Sugar-Sweetened Beverages Linked To Earlier Puberty in Girls

Karin B. Michels, MPH, PhD, ScD Department of Epidemiology, Harvard School of Public Health Channing Division of Network Medicine, Department of Medicine, Brigham and Women's Hospital, Harvard Medical School, Boston, MA Obstetrics and Gynecology Epidemiology Center, Department of Obstetrics, Gynecology and Reproductive Biology, Brigham and Women's Hospital, Harvard Medical SchoolMedicalResearch.com Interview with:
Karin B. Michels, MPH, PhD, ScD

Department of Epidemiology, Harvard School of Public Health
Channing Division of Network Medicine, Department of Medicine, Brigham and Women’s Hospital, Harvard Medical School,
Obstetrics and Gynecology Epidemiology Center, Department of Obstetrics, Gynecology and Reproductive Biology, Brigham and Women’s Hospital, Harvard Medical School Boston MA

Medical Research: What is the background for this study? What are the main findings?

Response: Sugar-Sweetened Beverage consumption is associated with earlier age at menopause.

Medical Research: What should clinicians and patients take away from your report?

Response: Sugar-Sweetened Beverage consumption may explain part of why puberty is starting earlier and earlier in girls. This is another reason besides childhood obesity which also results from Sugar-Sweetened Beverage consumption to curb the consumption of Sugar-Sweetened Beverage in children.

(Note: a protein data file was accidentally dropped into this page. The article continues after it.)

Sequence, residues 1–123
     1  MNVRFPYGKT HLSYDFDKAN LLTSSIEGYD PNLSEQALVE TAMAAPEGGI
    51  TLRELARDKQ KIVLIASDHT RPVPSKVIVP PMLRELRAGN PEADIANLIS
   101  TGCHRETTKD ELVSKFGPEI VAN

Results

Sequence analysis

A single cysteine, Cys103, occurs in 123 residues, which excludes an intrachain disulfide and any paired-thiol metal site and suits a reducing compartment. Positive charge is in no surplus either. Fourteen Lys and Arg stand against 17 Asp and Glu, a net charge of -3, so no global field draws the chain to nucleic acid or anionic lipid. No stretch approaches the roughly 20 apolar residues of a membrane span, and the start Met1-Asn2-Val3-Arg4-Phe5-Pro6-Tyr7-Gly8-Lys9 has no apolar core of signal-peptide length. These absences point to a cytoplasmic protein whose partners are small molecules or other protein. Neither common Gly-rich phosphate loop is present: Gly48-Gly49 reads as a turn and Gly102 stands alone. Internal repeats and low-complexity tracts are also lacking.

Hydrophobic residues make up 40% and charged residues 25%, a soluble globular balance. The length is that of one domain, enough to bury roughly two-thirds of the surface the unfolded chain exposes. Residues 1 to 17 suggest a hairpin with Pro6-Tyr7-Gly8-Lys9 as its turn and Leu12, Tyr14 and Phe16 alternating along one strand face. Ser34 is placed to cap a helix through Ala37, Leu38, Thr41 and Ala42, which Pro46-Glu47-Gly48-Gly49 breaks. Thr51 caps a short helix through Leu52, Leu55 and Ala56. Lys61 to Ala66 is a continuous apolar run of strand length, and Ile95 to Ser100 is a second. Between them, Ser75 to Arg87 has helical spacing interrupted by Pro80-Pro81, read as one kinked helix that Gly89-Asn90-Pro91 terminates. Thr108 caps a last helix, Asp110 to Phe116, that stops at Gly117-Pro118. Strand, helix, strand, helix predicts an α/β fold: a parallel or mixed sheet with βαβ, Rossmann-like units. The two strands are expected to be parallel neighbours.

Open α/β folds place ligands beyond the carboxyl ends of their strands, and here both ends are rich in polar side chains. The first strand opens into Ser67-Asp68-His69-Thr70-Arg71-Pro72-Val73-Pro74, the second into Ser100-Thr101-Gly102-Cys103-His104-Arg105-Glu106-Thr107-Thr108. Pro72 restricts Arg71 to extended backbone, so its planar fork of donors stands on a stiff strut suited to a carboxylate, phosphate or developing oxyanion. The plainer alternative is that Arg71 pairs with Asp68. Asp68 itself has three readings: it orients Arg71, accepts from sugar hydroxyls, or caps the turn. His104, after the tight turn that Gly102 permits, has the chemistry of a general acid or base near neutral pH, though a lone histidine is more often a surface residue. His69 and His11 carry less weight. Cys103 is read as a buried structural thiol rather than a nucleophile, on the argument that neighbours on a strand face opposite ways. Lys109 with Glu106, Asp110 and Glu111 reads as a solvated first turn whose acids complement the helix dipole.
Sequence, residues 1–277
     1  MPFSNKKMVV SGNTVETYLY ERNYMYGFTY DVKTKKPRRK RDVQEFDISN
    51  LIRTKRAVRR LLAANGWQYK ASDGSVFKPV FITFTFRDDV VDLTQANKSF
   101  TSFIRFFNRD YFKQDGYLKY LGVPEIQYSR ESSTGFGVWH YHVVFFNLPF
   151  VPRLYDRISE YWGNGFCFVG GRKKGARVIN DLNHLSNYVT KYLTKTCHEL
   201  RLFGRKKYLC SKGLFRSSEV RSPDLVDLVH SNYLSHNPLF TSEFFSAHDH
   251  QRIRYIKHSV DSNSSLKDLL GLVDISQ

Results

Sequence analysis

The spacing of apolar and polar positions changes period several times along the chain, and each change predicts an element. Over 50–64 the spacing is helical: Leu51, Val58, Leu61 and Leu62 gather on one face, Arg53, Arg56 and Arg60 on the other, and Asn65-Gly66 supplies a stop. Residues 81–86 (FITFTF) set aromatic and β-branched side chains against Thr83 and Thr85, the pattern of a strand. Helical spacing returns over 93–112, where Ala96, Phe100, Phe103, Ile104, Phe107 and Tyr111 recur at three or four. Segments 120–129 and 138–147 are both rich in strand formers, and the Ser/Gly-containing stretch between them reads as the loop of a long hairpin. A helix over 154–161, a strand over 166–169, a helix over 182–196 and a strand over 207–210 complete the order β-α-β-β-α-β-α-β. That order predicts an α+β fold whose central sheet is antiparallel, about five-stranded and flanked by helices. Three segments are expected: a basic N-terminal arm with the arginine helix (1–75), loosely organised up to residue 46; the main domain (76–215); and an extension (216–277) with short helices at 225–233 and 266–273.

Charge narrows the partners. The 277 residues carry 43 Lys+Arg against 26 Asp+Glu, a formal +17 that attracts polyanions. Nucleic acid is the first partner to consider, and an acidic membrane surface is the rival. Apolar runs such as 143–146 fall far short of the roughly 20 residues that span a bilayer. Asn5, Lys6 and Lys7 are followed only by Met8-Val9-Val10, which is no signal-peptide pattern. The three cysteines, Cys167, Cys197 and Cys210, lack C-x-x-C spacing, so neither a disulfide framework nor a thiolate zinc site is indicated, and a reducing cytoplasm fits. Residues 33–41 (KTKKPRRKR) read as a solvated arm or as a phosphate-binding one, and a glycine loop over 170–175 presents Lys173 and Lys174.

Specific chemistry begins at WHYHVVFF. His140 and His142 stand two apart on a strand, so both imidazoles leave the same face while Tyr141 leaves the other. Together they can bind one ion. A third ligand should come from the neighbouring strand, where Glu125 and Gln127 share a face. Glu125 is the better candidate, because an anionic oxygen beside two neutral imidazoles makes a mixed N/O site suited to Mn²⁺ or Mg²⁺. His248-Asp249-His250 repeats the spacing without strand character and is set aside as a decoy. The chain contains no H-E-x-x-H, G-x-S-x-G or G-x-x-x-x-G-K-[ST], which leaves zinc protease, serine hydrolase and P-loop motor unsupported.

Medical Research: What recommendations do you have for future research as a result of this study?

Response: We would like to better understand the underlying mechanisms.

Citation:

Sugar-sweetened beverage consumption and age at menarche in a prospective study of US girls
J.L Carwile, W.C Willett, D. Spiegelman, E. Hertzmark, J. Rich-Edwards, A.L Frazier, and K.B Michels

Hum. Reprod. first published online January 27, 2015 doi:10.1093/humrep/deu349

 

MedicalResearch.com Interview with:, & Karin B. Michels, MPH, PhD, ScD (2015). Sugar-Sweetened Beverages Linked To Earlier Puberty in Girls http://MedicalResearch.com